The justices of the U.S. Supreme Court appeared reluctant Wednesday to make a federal case out of a legal malpractice claim arising from a patent suit.
The case of Gunn v. Minton began when securities broker Vernon F. Minton, who developed and patented a telecommunications software program, sued a software company for patent infringement. The court granted summary judgment in favor of the defendant, but Minton hired new counsel to pursue the case on a new legal theory. The court denied Minton’s motion for reconsideration because the new argument was not asserted during the first action. The Federal Circuit affirmed.
Minton then sued his original attorneys for legal malpractice in state court, arguing that the negligent failure to argue the second theory had cost him a potential settlement or trial verdict worth as much as $100 million.
The lawyers, arguing that they were not legally required to assert the second theory, won on summary judgment, and Minton appealed. While the appeal was pending, the Federal Circuit decided Air Measurement Technologies, Inc. v. Akin Gump Strauss Hauer & Feld, holding that when “establishing patent infringement is a necessary element of a [state] malpractice claim stemming from alleged mishandling of . . . earlier patent litigation … federal resolution of the issue was intended by Congress,” and thus federal courts possess exclusive “arising under” jurisdiction of the malpractice claim.
The Texas Supreme Court subsequently reversed, concluding that the state court had no jurisdiction over the case.
The Supreme Court granted the attorneys’ petition for certiorari.
‘Substantial state interests’
Jane Webre of the Austin, Texas, office of Scott, Douglass & McConnico argued on behalf of Minton’s attorneys that state courts are capable of deciding cases based primarily in state law, even where elements of federal law are involved.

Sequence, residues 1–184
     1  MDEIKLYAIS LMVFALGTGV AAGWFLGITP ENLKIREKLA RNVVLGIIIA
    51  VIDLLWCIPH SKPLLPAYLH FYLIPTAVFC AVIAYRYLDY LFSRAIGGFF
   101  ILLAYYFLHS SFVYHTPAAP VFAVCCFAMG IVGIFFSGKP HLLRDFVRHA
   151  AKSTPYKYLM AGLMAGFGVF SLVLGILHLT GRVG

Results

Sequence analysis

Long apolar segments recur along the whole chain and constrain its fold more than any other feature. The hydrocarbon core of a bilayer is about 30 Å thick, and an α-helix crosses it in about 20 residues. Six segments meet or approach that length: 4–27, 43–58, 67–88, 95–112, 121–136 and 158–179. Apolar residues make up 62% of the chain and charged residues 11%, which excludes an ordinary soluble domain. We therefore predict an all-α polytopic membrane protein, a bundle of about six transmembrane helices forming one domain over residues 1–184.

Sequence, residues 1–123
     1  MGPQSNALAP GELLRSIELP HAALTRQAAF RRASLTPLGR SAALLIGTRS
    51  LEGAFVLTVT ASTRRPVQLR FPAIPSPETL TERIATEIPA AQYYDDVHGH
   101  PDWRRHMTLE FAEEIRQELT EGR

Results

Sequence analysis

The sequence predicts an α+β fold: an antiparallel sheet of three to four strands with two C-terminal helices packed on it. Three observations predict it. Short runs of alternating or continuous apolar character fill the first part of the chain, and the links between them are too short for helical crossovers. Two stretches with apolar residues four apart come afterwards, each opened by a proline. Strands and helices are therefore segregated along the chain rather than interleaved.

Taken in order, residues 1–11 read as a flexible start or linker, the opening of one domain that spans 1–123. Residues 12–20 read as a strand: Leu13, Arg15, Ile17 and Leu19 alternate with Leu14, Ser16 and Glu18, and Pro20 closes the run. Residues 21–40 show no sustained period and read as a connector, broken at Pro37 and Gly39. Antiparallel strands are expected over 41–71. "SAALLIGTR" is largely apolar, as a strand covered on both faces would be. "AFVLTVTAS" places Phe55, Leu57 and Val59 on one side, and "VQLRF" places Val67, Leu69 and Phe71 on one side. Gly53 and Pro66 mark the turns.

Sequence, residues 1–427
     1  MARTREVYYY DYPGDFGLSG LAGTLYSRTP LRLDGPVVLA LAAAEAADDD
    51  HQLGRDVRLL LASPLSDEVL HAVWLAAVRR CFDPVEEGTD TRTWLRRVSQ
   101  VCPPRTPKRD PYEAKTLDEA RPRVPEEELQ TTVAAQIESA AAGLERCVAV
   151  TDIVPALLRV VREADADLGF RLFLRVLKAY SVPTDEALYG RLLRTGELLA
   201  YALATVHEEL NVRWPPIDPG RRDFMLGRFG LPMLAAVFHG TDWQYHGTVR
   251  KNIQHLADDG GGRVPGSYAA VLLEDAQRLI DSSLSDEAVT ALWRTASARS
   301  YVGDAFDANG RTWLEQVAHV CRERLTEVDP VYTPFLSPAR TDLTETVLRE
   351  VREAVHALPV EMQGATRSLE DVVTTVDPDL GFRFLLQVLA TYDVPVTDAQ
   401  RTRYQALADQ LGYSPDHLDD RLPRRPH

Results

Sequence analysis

“Certainly the state courts are going to be deciding the occasional federal issue here and there,” Webre said. “But let’s not make a federal case out of each and every state tort claim that might have an embedded federal issue.”
Webre, who was only occasionally interrupted by questions from the justices, said that there are “substantial state interests” in a state developing “its own state law and its own state courts.”
“There is also a state interest in governing the relationship between attorney and client that happens through the legal malpractice process,” Webre said.
Justice Antonin G. Scalia noted that federal court rulings wouldn’t bind the state courts. “They are not going to mess up Texas law in that regard,” Scalia noted. “They may get this case wrong, but…”
“You are right that it will not substantially adversely impact Texas state law, but that’s an illustration of a substantial state interest,” Webre said.
When Webre pressed for a general rule that malpractice claims would never be deemed to arise from federal law regardless of the underlying legal issue, Scalia bristled.
“I like bright line rules,” Scalia said, “but you are proving a negative. The burden is on you to prove a negative, that there is no situation that malpractice cases involving patents [would trigger federal jurisdiction.] A hard road to hoe.”
‘What’s the difference?’
Thomas M. Michel of the Fort Worth, Texas office of Griffith, Jay & Michel argued on Minton’s behalf that the case “rests entirely on an issue of patent law” that requires federal jurisdiction.
Justice Ruth Bader Ginsburg wondered if that meant every malpractice claim arising from a federal matter would be barred from state court. “Say, an antitrust claim or a copyright claim?” she asked.
“No, Your Honor,” Michel said.
“Then what’s the difference between antitrust and patent?” Ginsburg asked.
“Antitrust has a state analogue,” Michel explained.
“Then take immigration law,” said Justice Sonia M. Sotomayor. “Don’t get in the weeds.”
“Immigration law may be a different area where there is exclusive federal court jurisdiction in that area, possibly,” Michel said.
“Copyright law,” Ginsburg persisted. “Why doesn’t what you said work the same way in those fields?”
“There are distinctions in the area of patent law versus any other area of the law,” Michel said. “That’s why it’s unique from antitrust, trademark, civil rights, securities, employment. [In those areas], even if they are exclusive in federal court jurisdiction, some of those underlying issues are basically based” in state law.
A decision is expected later this term.